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Using Your Website Data To Find The Actions That Will Move The Needle With JJ Reynolds
Episode 9727th May 2022 • Make Each Click Count Hosted By Andy Splichal • Andy Splichal
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This episode features JJ Reynolds of Mediaunthentic. 

Discover the keys to identify what is and what isn't working with your website numbers and track the data. JJ talks about helping clients set up their analytics properly by specializing in customizing things.

JJ believes that a company can grow in a predictable manner by measuring its numbers and metrics on an ongoing basis. He shares some quick ways you can use your Google Analytics historical data to take action that will increase your sales

He discusses the action to take based on different traffic sources that are driving conversions or goals. JJ shares his favorite success story of identifying something that really changed the direction of their company.

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To find more information about JJ or to learn more about mediauthentic, visit:


Andy Splichal, who was recently named to the Best of Los Angeles Awards’ Fascinating 100 List, is the founder and managing partner of True Online Presence, author of the Make Each Click Count book series and Founder of Make Each Click Count University found at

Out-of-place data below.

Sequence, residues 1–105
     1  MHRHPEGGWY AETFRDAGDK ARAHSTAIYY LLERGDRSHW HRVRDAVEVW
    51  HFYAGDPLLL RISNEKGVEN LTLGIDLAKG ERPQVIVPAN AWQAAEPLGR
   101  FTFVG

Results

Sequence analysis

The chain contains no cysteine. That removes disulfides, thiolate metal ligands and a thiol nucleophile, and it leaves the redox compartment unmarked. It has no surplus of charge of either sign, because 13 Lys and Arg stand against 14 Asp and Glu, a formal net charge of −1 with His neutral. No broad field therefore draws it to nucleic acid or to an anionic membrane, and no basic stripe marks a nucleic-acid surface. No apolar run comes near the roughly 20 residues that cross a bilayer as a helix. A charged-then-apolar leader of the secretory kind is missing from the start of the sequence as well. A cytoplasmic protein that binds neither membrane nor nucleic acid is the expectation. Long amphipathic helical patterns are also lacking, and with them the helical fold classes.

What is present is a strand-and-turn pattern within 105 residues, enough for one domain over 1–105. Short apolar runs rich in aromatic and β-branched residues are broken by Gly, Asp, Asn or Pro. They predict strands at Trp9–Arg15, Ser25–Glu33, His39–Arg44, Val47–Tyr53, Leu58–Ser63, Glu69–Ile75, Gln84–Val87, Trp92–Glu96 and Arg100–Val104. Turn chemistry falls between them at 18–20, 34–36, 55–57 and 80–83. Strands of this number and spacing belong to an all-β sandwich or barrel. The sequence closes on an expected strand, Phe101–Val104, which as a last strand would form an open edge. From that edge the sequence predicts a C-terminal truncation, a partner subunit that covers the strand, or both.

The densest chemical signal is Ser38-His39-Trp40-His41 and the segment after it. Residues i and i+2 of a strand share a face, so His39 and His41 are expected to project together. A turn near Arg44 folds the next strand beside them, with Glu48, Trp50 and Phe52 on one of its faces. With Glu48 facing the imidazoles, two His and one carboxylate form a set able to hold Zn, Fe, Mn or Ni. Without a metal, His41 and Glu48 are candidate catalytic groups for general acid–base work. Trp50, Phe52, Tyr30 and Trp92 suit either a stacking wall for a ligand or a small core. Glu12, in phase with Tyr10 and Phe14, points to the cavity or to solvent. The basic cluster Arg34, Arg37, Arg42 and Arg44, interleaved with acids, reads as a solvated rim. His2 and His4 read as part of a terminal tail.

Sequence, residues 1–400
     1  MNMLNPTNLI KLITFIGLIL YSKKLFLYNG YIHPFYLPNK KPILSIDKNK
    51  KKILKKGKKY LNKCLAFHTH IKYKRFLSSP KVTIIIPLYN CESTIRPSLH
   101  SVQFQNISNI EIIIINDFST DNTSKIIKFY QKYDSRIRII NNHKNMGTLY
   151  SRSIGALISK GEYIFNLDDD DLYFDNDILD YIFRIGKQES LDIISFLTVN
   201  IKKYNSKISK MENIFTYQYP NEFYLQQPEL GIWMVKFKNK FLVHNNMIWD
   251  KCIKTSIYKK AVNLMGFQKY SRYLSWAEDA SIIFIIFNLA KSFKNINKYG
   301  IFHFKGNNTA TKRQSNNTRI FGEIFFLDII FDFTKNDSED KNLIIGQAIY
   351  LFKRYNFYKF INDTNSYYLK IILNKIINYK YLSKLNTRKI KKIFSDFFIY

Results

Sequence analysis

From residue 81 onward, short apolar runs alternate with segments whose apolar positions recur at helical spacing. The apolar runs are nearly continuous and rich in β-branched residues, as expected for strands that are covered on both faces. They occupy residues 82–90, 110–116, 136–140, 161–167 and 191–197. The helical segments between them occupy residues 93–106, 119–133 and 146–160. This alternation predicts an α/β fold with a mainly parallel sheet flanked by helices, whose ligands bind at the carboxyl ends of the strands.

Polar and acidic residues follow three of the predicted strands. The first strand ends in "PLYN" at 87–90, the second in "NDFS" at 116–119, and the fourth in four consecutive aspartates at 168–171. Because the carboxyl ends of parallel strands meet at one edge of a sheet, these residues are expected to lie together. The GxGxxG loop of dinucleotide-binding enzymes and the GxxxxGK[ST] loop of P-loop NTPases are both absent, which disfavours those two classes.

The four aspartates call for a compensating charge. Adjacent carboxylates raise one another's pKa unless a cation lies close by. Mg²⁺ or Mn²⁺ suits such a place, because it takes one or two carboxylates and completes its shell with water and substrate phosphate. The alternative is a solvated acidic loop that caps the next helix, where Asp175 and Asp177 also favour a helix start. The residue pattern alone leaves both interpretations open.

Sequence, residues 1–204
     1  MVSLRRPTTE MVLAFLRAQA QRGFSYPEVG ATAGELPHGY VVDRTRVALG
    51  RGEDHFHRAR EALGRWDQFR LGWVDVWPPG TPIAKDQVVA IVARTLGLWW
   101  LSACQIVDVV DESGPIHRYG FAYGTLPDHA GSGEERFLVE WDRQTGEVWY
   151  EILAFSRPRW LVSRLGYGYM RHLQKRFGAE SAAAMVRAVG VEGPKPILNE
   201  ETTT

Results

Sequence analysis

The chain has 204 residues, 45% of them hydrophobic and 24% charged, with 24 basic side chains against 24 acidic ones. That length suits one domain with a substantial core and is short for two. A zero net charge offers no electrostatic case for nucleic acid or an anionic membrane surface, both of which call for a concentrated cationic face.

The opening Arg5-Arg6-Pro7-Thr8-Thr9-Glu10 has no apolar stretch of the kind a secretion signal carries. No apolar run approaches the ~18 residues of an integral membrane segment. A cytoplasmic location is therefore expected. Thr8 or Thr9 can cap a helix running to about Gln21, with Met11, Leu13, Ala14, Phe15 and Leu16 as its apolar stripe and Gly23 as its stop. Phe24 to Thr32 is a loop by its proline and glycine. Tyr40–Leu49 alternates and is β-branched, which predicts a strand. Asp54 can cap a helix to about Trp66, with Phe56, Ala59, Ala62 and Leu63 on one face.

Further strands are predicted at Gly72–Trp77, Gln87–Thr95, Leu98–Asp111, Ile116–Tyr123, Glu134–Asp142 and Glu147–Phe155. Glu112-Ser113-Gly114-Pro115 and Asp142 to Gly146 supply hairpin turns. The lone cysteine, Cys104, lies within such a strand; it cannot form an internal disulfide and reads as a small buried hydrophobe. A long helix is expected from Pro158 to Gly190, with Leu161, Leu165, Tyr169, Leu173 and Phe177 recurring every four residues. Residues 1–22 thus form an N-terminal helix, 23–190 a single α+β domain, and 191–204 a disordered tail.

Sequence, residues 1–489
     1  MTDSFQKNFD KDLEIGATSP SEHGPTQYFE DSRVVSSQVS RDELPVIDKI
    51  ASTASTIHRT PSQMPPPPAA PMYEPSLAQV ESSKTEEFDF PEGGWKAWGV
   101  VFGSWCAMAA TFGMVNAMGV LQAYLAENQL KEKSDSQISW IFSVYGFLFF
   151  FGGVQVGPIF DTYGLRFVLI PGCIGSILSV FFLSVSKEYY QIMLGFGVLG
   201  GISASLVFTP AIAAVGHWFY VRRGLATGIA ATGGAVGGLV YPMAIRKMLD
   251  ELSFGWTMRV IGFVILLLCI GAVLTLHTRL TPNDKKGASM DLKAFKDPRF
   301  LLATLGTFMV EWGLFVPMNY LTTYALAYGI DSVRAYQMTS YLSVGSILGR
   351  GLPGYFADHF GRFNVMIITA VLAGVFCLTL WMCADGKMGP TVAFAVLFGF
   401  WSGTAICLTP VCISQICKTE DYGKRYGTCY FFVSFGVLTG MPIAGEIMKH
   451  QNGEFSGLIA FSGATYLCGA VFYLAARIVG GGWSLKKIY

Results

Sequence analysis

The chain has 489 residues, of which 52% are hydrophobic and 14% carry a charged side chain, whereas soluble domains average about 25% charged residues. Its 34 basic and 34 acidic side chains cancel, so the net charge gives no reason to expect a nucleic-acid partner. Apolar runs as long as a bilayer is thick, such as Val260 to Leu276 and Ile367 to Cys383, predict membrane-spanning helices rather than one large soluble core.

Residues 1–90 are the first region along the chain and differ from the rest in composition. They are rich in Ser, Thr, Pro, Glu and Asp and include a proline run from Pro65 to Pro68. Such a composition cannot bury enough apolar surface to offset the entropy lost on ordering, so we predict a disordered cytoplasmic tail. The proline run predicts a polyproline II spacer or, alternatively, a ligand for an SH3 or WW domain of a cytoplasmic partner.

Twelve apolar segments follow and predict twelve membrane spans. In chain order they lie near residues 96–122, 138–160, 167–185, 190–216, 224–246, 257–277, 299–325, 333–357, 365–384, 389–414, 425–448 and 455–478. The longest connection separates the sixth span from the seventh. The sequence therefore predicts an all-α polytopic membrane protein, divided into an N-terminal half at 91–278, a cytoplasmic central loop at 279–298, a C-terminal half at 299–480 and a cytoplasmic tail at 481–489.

He is a certified online marketing strategist with twenty plus years of experience and counting helping companies increase their online presence and profitable revenues. To find more information on Andy Splichal visit (, read the full story on his blog at or shop his books on Amazon or at (

New episodes of the Make Each Click Count Podcast, are released each Friday and can be found on Apple Podcast, Spotify, Google Podcast, Apple Podcast and on Make Each Click Count at



Andy Splichal 0:45

Welcome to the Make Each Click Count podcast. This is your host, Andy Splichal. We're happy to welcome this week's guest to discuss today's topic, which is Using Your Website Data to Find Actions that Will Move the Needle. This week's guest here from Mediauthentic, he first started working in the field of marketing as a videographer who would create marketing videos and other assets. However, he quickly learned there was a problem. Organizations didn't really know what to do with these marketing assets once they were created. Today, he focuses on assisting businesses and measuring and acting on their marketing data. A big hello to JJ Reynolds. Hi, JJ.

JJ Reynolds 1:25

Andy, thank you so much for having me today.

Andy Splichal 1:27

We're excited to talk action here. So to start, what are the keys to identify what is and what isn't working, when it comes to your website numbers.

JJ Reynolds 1:39